There is much buzz about “PTSD” (let’s call it PTSI) in the media, and now at the Canadian Federal Parliament with a vote March 8, 2017 on Private Members’ Bill C-211.
Any legislation should be all inclusive of people and of all phychological diagnosis’.
Saskatchewan seems to be the only Canadian jurisdiction to get this right. Read media report here about what Saskatchewan is doing.
All people who have advocated for and are supporting Bill C-211 should be congratulated and have acted in good faith. However, we must do this right, and do it right the first time around, not ‘get a foot in the door’.
The reality is that those who experience Post Traumatic Stress see their situation as an ‘injury’, not a ‘disorder’, so the very name of Bill C-211 as the “PTSD Bill” is offensive to many, despite being drafted with the best of intentions.
Paramedics/Ambulance, Police, Fire, Corrections, Military, Nurses, Doctors, Social Workers, and all people who provide services to help others should be included.
There are many other psychological injuries that exist (other than PTSD), and actually are far more common than PTSI. Having stated this, those who suffer from PTSI legitimately experience many challenges every day.
Any legislation should be all inclusive of all psychological injuries, not just PTSI. Major Depressive Disorder, Anxiety, Bi-Polar, Addictions and several other medical diagnoses affect all people, including first responders, public safety officers and military personnel.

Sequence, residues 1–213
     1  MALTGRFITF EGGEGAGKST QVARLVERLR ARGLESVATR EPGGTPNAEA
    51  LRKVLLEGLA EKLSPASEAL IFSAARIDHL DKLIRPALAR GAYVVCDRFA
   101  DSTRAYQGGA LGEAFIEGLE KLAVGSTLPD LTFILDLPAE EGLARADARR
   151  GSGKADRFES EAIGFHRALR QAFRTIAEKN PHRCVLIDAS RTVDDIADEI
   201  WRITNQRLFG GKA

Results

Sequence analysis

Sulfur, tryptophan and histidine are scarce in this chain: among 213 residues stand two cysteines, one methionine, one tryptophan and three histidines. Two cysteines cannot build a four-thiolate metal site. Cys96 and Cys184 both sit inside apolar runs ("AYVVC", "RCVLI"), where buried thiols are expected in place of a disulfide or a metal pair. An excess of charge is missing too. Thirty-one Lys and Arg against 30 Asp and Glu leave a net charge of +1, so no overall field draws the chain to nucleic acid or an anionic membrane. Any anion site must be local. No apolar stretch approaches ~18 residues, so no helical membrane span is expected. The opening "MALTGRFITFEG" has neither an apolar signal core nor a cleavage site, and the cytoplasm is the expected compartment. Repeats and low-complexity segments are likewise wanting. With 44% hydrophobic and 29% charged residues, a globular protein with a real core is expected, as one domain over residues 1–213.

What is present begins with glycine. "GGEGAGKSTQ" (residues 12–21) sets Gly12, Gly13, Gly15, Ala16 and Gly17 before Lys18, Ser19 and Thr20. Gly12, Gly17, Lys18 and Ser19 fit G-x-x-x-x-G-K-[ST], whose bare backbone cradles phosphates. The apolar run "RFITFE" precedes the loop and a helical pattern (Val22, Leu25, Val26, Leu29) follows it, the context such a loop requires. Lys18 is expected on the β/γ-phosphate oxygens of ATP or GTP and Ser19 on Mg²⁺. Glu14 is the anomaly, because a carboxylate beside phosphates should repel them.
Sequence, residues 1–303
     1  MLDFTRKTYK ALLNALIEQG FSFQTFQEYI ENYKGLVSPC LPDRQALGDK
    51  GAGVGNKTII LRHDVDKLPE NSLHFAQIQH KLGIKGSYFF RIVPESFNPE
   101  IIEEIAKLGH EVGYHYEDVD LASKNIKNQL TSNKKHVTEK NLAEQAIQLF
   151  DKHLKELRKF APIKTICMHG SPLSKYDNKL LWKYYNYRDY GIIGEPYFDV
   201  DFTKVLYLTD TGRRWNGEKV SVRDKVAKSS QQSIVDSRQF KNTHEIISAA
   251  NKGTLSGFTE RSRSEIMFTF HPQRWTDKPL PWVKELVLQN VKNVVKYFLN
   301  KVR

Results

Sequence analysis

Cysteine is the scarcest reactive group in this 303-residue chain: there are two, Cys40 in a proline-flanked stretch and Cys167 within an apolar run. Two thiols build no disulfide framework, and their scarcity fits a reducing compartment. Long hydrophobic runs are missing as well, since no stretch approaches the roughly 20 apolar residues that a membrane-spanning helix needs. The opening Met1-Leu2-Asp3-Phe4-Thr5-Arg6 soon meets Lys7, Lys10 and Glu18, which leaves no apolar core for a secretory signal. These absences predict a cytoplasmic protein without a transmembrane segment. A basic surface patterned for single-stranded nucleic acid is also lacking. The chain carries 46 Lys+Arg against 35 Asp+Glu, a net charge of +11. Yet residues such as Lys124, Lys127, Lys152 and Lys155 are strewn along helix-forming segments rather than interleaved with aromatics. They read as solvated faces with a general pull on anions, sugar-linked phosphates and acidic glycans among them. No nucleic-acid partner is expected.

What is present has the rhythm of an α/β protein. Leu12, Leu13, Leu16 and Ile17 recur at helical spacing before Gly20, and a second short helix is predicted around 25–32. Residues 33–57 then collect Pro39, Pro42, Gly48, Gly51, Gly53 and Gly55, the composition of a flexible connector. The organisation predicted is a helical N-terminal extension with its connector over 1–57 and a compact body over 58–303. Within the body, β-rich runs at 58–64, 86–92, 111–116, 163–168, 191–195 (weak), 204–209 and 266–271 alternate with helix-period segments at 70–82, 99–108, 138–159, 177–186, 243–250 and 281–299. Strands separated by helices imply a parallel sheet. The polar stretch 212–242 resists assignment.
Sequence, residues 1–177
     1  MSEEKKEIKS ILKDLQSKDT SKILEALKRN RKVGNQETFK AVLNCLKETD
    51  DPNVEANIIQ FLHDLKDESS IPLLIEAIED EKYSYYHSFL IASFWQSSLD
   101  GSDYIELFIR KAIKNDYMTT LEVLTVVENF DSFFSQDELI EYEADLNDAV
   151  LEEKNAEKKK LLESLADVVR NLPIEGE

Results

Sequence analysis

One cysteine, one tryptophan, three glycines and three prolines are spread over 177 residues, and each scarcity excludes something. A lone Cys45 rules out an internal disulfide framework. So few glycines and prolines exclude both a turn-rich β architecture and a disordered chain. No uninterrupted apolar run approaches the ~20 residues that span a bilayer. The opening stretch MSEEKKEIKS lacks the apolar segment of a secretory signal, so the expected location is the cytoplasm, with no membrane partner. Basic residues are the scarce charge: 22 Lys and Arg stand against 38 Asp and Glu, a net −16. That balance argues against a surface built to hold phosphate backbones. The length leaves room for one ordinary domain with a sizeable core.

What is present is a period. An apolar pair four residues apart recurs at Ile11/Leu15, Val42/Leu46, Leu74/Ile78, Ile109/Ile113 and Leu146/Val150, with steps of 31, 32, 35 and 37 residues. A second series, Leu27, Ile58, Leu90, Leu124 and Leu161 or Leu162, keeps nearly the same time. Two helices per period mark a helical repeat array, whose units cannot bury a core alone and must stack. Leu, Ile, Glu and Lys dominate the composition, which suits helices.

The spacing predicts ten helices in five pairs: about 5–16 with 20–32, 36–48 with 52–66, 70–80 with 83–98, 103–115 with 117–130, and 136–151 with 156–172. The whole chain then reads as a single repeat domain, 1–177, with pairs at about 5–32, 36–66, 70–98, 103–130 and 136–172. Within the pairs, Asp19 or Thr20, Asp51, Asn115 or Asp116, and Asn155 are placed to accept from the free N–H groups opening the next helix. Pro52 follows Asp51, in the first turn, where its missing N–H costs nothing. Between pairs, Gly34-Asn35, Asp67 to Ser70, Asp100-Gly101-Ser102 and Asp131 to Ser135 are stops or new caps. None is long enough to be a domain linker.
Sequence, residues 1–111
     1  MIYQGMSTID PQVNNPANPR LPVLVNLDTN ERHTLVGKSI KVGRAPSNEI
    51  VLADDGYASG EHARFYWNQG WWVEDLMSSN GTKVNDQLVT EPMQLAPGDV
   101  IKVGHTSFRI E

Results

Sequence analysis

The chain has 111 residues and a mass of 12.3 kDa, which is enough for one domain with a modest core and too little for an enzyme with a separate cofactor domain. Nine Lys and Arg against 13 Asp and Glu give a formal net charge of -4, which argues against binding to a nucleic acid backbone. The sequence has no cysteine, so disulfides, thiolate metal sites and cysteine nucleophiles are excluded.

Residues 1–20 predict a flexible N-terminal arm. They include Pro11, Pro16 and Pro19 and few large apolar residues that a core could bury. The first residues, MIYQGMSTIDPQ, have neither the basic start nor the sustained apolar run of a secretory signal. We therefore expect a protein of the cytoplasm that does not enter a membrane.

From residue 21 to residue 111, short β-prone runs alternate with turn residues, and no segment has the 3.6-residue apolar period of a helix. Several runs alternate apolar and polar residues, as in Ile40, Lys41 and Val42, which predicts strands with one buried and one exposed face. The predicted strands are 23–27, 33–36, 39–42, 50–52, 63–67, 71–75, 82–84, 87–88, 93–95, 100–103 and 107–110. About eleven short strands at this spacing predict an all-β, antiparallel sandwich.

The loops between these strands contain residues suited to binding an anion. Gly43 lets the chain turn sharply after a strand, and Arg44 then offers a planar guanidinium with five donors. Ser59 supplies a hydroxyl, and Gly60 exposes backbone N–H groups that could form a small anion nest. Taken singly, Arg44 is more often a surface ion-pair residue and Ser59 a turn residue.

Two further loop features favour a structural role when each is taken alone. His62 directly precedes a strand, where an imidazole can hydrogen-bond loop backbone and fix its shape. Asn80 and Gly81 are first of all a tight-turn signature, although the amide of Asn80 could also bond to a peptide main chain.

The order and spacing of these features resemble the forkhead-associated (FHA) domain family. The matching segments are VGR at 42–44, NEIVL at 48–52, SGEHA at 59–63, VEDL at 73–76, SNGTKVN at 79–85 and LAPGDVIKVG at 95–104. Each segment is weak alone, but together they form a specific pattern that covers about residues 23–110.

As a cop who has been involved in the mental health system as both a professional and a patient, it is critical to work collaboratively, and language matters. So many of us fall through the cracks in the wording of legislation. This is improving, but we must slow the press down and get the wording absolutely right based on the best and latest reality.
Below are links to several key resources that should be read and understood by all who are advocating for, working in the mental health space, and are patients in this space. In particular, our legislators need to take note of the proper wording and be all inclusive in their approach.
I have talked to psychologists, registered psychotherapists, peer support people, advocates and politicians about this issue, and they all agree that the language must be all inclusive, yet the wording of the current Bill C-211 is not all inclusive, nor is the recent ‘presumptive legislation’ passed in Ontario.
Let’s please collaborate and get this right at the Committee stage. People’s lives will depend on getting it right.
Thanks to everyone who are working hard to achieve success. Let’s not be fooled that the language matters. Let’s just please get this right.
(October/2016) Healthy Minds, Safe Communities. The first substantial report of the Standing Committee on Public Safety & National Security. The report looks at how the government can support public safety officers through a national strategy for Occupational Stress Injuries
Watch debate in House of Commons on Bill C-211 March 6, 2017
Read Ontario’s Supporting Ontario’s First Responders Act (unfortunately only mentions PTSD)
Mental Health~Resources For Improvement of Services For All ” target=”_blank”>Many resources are collected here on a twitter moment